Tuning Fork

John Shore

Invented in 1711 by John Shore (Sergeant trumpeter and lutenist of the court), the tuning fork is an acoustic resonator that, when struck, emits a pure musical tone. A tuning fork consists of two prongs, formed by a U-shaped, metal bar (typically steel), and, as the name suggests, is used for tuning musical instruments. The tone that is emitted is consistent, with its overtones quickly fading as most of the vibrational energy at the fundamental frequency of the fork. This results in the creation of a pure sine wave at a given tone, making it easier to tune an instrument, due to the lack of distortion in the tone.

Where the mass production of sheet music allowed for dissemination of music, the tuning fork greatly impacted its capacity to be performed. It doesn’t take someone with perfect pitch to hear the discomfort in dissonance when instruments are not in tune with one another. More significantly, the use of a tuning fork allowed for instruments to be tuned to the concert pitch of a piece of music. In laymen’s terms, the concert pitch establishes the frequency of the note A, above middle C. Prior to the standardization of A = 440 Hz, the concert pitch of a given piece varied around the world, ranging from 400 to 450 Hz, by the end of the 18th century. This meant that, while the information depicted on a piece of sheet music was universally understood, the actual sound could vary greatly. For example, if a piece was written at A = 450 Hz, but performed by an orchestra tuned to A = 410 Hz, it would sound much lower in pitch. Furthermore, this complicated the practical possibilities for musicians – and especially singers – to perform the right notes. At one level, the notion of “right,” in this context, is about artistic intentionality. Historically speaking, however, the widespread use of the tuning fork lead to something of an arms race when it came to performance, which resulted in “pitch inflation.” Musicians in competition with one another strived for a more “brilliant” sound, as it seemed more precise. Objectively, tuning up an instrument does create a more brilliant sound; the tightened strings result in higher amplitudes of the harmonics of the notes. In the case of non-stringed instruments, it’s more often a phenomenological matter of comparison (a very rough example would be listening to a 45 rpm song, playing it at 33 1/3 rpm, and then replaying it, again, at 45 rpm).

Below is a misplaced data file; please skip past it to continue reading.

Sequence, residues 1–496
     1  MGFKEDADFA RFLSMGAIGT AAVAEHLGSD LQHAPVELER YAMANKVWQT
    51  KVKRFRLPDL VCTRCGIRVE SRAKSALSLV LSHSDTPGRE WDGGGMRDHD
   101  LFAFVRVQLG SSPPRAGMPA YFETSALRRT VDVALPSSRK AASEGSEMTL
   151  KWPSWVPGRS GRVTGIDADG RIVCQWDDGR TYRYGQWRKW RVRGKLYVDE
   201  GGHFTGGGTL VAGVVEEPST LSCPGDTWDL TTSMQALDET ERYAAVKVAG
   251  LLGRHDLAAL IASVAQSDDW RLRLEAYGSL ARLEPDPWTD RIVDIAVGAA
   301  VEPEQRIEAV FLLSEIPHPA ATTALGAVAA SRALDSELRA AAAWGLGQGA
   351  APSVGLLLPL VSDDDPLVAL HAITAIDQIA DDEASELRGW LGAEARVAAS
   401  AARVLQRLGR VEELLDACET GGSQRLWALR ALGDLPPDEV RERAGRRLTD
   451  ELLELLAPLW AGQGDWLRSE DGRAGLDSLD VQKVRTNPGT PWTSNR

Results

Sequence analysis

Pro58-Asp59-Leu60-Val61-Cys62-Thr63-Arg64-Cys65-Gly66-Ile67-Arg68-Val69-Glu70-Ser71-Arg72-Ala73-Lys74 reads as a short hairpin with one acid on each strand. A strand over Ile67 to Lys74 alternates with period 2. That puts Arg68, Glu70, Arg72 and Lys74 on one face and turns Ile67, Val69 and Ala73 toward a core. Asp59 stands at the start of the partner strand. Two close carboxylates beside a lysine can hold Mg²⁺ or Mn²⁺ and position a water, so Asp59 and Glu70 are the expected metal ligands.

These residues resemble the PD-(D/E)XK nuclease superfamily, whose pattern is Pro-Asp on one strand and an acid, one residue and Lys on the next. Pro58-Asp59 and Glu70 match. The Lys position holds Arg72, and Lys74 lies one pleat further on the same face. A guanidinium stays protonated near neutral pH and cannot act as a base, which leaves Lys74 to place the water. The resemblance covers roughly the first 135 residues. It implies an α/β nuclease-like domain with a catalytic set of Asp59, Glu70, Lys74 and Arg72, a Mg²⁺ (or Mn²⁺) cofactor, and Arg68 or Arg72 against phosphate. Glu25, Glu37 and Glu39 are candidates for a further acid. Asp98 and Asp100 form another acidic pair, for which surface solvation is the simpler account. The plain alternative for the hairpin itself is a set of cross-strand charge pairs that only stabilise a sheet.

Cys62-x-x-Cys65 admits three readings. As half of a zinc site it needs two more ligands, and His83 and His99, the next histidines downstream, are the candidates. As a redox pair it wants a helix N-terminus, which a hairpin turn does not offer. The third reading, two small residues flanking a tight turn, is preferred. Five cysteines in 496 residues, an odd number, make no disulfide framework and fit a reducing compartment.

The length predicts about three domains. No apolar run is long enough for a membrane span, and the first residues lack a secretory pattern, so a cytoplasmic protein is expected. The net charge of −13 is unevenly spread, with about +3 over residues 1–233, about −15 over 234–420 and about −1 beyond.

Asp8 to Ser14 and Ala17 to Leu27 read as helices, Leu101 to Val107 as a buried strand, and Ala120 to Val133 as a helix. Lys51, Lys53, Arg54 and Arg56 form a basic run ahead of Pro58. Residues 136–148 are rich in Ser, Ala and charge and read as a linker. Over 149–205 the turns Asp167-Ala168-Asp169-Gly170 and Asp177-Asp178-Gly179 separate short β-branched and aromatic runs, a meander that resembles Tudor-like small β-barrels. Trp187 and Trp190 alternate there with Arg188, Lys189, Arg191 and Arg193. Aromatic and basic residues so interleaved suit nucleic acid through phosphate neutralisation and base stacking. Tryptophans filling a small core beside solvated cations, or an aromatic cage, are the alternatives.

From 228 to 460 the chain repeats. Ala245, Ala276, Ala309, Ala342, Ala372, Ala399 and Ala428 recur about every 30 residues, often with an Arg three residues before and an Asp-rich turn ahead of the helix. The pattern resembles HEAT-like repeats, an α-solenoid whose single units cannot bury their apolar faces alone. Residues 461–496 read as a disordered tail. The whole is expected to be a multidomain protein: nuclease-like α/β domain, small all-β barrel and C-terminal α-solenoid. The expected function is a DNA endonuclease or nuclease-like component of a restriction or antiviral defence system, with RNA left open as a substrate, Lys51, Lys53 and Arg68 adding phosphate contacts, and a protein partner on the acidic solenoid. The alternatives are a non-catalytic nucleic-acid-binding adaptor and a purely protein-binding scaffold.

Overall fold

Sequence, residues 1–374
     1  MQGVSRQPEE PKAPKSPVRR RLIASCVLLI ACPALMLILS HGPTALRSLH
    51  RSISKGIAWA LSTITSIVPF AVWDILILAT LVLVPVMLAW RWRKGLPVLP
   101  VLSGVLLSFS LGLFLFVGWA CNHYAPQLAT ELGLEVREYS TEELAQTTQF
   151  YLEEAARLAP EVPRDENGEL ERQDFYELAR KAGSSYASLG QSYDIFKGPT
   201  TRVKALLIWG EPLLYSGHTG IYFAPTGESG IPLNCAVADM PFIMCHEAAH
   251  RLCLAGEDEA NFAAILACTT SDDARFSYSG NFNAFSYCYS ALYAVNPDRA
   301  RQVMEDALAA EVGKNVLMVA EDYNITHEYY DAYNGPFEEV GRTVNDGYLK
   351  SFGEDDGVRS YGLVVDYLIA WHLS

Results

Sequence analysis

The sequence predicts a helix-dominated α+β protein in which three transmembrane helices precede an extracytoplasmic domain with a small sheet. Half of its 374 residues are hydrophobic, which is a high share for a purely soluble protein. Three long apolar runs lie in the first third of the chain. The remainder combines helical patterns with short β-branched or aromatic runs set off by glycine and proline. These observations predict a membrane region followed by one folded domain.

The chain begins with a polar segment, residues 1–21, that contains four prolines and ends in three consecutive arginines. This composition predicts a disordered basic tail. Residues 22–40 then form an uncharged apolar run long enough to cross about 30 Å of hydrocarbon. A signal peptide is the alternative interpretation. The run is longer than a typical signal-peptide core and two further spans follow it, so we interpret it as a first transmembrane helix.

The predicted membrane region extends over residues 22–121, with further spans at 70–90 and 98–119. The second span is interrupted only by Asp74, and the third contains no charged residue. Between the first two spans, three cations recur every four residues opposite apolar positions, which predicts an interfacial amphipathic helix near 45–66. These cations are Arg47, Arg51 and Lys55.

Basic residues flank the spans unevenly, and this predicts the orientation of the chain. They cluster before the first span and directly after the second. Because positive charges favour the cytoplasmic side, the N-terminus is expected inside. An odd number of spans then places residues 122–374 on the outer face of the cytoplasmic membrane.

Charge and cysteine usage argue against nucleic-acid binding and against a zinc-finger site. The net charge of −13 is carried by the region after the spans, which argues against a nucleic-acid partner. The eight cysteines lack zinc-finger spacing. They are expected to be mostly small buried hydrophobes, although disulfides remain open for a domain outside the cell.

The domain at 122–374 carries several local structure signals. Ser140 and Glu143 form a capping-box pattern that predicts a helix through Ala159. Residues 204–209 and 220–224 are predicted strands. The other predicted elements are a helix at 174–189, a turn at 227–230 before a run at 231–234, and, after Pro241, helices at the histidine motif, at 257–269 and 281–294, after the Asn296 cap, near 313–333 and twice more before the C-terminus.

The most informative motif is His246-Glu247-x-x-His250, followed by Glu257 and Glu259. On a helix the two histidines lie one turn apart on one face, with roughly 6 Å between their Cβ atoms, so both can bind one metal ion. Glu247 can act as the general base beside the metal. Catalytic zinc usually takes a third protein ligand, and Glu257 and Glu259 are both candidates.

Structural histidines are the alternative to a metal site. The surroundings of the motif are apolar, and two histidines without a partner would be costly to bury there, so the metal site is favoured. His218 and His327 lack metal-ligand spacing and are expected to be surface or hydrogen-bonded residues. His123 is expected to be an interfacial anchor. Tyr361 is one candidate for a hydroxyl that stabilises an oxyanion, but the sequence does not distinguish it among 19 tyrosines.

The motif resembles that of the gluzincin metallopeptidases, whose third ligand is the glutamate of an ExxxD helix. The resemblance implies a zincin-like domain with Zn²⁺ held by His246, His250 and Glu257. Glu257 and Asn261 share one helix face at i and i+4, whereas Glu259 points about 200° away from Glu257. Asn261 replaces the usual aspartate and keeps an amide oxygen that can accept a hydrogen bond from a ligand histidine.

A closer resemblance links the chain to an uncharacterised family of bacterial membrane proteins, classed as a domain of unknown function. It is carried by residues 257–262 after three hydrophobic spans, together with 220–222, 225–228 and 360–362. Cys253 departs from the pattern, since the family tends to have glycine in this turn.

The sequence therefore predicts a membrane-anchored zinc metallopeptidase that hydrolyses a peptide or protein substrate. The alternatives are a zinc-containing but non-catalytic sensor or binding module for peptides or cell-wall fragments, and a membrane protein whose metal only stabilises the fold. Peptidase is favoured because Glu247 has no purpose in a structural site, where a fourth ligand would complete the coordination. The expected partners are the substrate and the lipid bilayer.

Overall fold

Ultimately, the implementation of the tuning fork meant that music could be more accurately performed, thus more accurately reinterpreted, in both live and recorded performance.

Feldmann, H. “History of the tuning fork. 1997. I: Invention of the tuning fork, its course in music and natural sciences. Pictures from the history of otorhinolaryngology, presented by instruments from the collection of the Ingolstadt German Medical History Museum.” Laryngo-rhino-otologie 76, 2 (1997): 116-122. doi: 10.1055/s-2007-997398.

Tyndall, John. 1915. Sound. New York: D. Appleton & Co.

Rossing, Thomas D.; Moore, F. Richard; and Wheeler, Paul A. 2011. The Science of Sound (3rd ed). London: Pearson plc.